"Maybe we’re both bad people."
Ryle looks over at me with a thoughtful expression. "Lily," he says pointedly. "There is no such thing as bad people. We’re all just people who sometimes do bad things."

This quote is from Chapter One, and it takes place during Ryle and Lily’s first conversation, when Lily says that her father abused her mother. Ryle’s quote could serve as a central thesis of the novel. Though Lily struggles with hating her father much of her life, after his passing, she finds that she’s not so sure about her black and white definitions of good and bad. She recognizes that, as a member of an abusive family, she has parts of herself that she’s not proud of or that have caused harm to other people. Ryle encourages a more nuanced perspective, and the idea that people are not all bad carries Lily through much of her relationship with Ryle. Though she doesn’t like his abusive actions and finds them deeply harmful and frightening, she also recognizes that Ryle still loves her, struggles with his own pain, and still has many redeeming qualities.

All humans make mistakes. What determines a person's character aren't the mistakes we make. It's how we take those mistakes and turn them into lessons rather than excuses.

This quote takes place in Chapter Fourteen and marks the moment when Lily starts to forgive Ryle for pushing her into the cabinet door. Here, Lily is still reeling from Ryle’s violent act and she’s trying to reconcile the person she’s always known Ryle to be with the man who just disregarded her physical safety and well-being. In a sense, the novel is an exploration of how the characters turn the mistakes of their lives into lessons rather than excuses to cause more pain. For example, Lily wants to allow room for Ryle to grow from his mistake and learn a different way forward. In trying to stop the cycle of violence, Lily believes that Ryle can be a different person than her father was and can stop his violent outbursts. She wants to experience this change, not just to salvage their romantic relationship but also to be able to forgive her parents for the many mistakes they made as she was growing up.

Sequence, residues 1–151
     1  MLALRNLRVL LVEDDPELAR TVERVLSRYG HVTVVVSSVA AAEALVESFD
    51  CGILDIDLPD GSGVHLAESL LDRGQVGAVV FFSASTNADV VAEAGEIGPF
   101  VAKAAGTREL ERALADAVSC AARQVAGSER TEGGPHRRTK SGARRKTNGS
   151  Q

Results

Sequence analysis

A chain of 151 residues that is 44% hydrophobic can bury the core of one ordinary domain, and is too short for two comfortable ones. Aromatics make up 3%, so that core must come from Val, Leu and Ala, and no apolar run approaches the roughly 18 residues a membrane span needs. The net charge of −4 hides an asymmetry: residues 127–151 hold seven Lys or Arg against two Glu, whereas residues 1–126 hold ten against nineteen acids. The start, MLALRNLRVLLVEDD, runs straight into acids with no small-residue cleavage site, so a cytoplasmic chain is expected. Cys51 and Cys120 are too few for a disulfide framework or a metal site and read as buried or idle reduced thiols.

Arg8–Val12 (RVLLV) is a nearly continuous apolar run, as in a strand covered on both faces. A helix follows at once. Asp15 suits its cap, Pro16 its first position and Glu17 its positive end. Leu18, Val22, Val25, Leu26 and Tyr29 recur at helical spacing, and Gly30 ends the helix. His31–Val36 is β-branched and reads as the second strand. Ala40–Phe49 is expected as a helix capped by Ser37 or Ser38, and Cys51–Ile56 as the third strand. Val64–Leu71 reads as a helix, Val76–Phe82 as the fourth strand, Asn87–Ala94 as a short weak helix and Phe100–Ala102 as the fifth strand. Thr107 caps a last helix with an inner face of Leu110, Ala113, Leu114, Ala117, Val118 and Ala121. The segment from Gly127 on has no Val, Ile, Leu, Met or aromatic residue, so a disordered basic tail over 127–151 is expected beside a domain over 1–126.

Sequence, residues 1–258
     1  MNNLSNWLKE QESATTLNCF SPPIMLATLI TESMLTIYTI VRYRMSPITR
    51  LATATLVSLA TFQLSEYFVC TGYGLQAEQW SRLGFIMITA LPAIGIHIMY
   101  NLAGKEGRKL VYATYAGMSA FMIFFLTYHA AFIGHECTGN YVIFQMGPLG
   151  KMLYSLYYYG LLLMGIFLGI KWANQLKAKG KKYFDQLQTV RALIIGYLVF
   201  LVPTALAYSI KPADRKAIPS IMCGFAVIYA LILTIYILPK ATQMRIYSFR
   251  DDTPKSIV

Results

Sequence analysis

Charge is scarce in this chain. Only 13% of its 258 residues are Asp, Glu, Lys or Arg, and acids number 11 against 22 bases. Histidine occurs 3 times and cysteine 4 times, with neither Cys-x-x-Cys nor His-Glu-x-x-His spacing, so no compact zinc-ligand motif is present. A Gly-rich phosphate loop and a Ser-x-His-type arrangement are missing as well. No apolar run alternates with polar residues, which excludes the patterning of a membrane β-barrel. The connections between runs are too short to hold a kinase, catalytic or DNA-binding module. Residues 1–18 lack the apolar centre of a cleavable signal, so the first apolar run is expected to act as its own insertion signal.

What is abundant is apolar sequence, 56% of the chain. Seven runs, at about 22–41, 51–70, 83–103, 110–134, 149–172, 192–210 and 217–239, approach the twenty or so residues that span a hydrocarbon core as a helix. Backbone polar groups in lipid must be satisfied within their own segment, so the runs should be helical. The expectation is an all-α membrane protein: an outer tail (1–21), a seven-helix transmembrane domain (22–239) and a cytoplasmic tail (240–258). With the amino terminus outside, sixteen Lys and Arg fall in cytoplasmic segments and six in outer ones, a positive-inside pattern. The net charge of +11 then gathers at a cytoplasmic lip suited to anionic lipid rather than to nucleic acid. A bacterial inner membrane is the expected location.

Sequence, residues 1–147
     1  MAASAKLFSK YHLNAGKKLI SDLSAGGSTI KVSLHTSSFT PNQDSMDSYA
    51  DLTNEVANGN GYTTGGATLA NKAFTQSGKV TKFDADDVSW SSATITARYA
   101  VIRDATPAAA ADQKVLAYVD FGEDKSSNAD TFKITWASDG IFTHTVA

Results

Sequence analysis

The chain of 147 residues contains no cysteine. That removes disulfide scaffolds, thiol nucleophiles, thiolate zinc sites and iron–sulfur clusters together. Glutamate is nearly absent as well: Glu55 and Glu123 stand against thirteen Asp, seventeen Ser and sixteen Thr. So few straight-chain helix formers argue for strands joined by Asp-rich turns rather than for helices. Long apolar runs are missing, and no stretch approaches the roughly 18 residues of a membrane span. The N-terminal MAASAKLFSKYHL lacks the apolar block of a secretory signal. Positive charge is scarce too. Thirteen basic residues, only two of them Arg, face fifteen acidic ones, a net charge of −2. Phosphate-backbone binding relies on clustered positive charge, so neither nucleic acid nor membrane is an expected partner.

I stare at the book for a long time. I think about Ryle. I think about Atlas. I think about how sometimes, no matter how convinced you are that your life will turn out a certain way, all that certainty can be washed away with a simple change in tide.

This quote takes place in Chapter Seventeen, after Atlas gives Lily the signed copy of Ellen’s biography and before Lily reads the last entry in her teenage journal. Confronted with a grown-up Atlas, Lily begins to look back on her life. She traces how she went from the sweet teenage love with Atlas to the confusion and violence of her present life. As a teenager, Lily wanted her life to turn out a certain way, and she was sure that she would, one way or another, end up with Atlas. As an adult, Lily is committed to her relationship with Ryle. However, both times she was certain about what she wanted and which way her life was going, her life took unexpected turns into violence. For Lily, the change in tide has often been caused by the whims of violent men. By inscribing the memoir with “Just keep swimming,” Atlas reminds Lily that even though the tides may turn against her, she can always continue to move towards the life she dreams of.